The Telegraph
Since 1st March, 1999
Email This Page
Saddam has disappeared, so has Hollywood
- Few tears shed for Iraqi TV

Gone are the endless songs praising Saddam Hussein. Gone are the toppled leaders’ taped speeches calling Iraqis to arms and promising them victory over invading infidels. But gone, too, are the Hollywood blockbusters that somehow made it on to television screens in Iraq sooner than elsewhere.

Few tears have been shed for the demise of Iraqi state television, which went off the air when US-led forces ousted Saddam nearly two weeks ago. “They broadcast poems about the leader. They told you what the President did. It was unbelievably boring,” said 21-year- old science student Tariq Mohammad.

There’s no doubt in his mind what he wants to see on any new national television network.

“We want channels that are free to show us what is going on outside the country,” he said.

The only things Iraqis seem to be missing on television are what they said were pirated versions of Hollywood films. “Youth TV was the first television in the world to show the film The Lord of the Rings: The Two Towers,” 19-year-old student Ziad Ibrahim said, referring to the second instalment in the movie trilogy adapted from the book written by J.R.R. Tolkien. Youth TV, run by Saddam Hussein’s son Uday, was also rare among Iraqi channels in that it offered programming with some entertainment value such as popular music shows and interviews. Now there are no national channels to watch even if Iraqis could turn on their televisions. Most of them have been without power for days or weeks. It is not only state television that is off the air. State radio has also stopped broadcasting and state newspapers which would hardly go a day without splashing Saddam’s picture on the front page are no longer printed.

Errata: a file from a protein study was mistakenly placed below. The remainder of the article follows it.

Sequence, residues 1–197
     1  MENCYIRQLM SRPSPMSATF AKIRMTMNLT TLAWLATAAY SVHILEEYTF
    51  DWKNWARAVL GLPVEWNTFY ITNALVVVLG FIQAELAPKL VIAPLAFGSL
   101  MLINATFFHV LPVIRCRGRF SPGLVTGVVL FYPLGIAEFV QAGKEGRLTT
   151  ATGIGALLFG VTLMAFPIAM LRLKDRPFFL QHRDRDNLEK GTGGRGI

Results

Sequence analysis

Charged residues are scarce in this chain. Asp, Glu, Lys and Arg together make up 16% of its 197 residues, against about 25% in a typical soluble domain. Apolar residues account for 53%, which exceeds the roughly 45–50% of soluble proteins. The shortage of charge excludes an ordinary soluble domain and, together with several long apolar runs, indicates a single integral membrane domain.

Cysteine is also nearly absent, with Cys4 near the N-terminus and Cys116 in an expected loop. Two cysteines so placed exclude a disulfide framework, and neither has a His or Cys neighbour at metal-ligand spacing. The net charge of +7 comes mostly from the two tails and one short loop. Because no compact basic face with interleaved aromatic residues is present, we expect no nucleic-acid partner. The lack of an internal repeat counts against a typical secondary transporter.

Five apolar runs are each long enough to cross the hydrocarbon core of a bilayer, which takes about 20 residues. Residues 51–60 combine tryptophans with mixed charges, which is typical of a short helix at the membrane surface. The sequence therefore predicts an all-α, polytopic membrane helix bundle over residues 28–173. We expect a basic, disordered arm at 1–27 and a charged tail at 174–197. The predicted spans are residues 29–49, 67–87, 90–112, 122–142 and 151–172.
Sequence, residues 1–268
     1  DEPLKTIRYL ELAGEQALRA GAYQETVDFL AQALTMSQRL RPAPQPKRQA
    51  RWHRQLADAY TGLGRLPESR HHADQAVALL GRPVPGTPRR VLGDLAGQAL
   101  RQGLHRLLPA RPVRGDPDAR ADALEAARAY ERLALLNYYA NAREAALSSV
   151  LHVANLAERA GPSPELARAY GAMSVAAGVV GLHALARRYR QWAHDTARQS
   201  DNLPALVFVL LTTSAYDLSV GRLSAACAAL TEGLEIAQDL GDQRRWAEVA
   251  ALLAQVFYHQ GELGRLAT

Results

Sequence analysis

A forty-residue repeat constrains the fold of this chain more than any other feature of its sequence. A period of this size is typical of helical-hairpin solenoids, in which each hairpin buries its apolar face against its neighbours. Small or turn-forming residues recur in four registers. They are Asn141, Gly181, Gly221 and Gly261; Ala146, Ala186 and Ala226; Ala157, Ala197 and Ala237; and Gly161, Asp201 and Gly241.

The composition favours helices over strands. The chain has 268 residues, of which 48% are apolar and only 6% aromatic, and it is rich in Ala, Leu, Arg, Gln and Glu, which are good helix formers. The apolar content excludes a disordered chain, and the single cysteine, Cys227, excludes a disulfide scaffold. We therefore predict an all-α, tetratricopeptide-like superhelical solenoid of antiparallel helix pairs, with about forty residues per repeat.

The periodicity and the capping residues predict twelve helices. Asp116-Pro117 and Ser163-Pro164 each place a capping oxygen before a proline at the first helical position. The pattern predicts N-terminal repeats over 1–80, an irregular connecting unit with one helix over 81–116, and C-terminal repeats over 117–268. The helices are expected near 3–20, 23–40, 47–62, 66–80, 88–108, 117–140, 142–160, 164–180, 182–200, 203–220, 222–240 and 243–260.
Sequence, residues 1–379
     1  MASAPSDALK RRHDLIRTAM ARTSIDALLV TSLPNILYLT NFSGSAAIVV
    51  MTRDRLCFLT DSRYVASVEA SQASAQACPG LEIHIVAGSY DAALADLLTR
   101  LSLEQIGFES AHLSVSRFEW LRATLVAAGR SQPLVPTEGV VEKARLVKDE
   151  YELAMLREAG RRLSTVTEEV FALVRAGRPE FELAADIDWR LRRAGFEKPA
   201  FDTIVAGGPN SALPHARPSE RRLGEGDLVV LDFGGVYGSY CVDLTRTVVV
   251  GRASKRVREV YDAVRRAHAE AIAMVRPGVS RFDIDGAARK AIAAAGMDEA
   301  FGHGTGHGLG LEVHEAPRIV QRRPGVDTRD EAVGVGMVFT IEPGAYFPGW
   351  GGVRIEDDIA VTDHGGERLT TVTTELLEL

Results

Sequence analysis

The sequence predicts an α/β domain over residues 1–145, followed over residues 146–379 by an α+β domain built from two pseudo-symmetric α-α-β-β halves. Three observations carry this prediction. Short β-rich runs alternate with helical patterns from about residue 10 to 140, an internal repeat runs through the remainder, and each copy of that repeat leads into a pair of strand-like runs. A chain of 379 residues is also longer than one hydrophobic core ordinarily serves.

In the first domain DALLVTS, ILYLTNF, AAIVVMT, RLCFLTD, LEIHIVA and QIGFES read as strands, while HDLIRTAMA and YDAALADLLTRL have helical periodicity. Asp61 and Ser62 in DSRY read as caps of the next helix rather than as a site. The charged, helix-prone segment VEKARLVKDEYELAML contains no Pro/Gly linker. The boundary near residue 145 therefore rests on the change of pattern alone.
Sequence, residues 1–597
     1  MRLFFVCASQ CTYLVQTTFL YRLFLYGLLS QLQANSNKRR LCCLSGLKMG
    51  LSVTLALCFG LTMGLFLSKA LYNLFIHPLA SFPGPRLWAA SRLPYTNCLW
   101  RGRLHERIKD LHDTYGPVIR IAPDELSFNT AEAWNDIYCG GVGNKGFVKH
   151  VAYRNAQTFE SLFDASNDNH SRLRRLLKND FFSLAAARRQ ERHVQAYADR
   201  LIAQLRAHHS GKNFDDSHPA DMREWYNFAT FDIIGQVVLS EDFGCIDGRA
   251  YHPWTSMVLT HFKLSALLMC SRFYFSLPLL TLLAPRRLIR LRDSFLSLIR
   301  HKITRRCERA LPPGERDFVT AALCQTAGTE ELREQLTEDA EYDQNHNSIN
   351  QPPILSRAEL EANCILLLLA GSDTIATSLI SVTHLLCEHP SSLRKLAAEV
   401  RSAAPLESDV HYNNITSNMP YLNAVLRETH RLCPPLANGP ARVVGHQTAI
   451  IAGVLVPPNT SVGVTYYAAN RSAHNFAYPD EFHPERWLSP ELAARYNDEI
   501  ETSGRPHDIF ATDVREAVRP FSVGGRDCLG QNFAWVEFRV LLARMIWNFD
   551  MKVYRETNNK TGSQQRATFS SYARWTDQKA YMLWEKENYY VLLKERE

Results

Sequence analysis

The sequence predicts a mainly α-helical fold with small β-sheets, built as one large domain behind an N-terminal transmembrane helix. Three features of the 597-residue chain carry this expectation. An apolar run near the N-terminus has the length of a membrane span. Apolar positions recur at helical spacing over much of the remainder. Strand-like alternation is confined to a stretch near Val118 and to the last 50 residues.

Many Iraqis are keeping up with events through international radio stations such as the BBC, Iranian radio, Radio Monte Carlo or Radio Sawa, a US-sponsored pan-Arab station.

Those who have power, which generally means those using private or looted generators, can tune in to Iranian television news channel al-Alam or watch a US-British channel called Towards Freedom, which recently broadcast speeches by US President George W. Bush and British Prime Minister Tony Blair. Neither seems very popular. “We only watch this Alam station, but it is biased,” said engineer Saleh Mehdi, who could not receive a clear signal to watch Towards Freedom.

Email This Page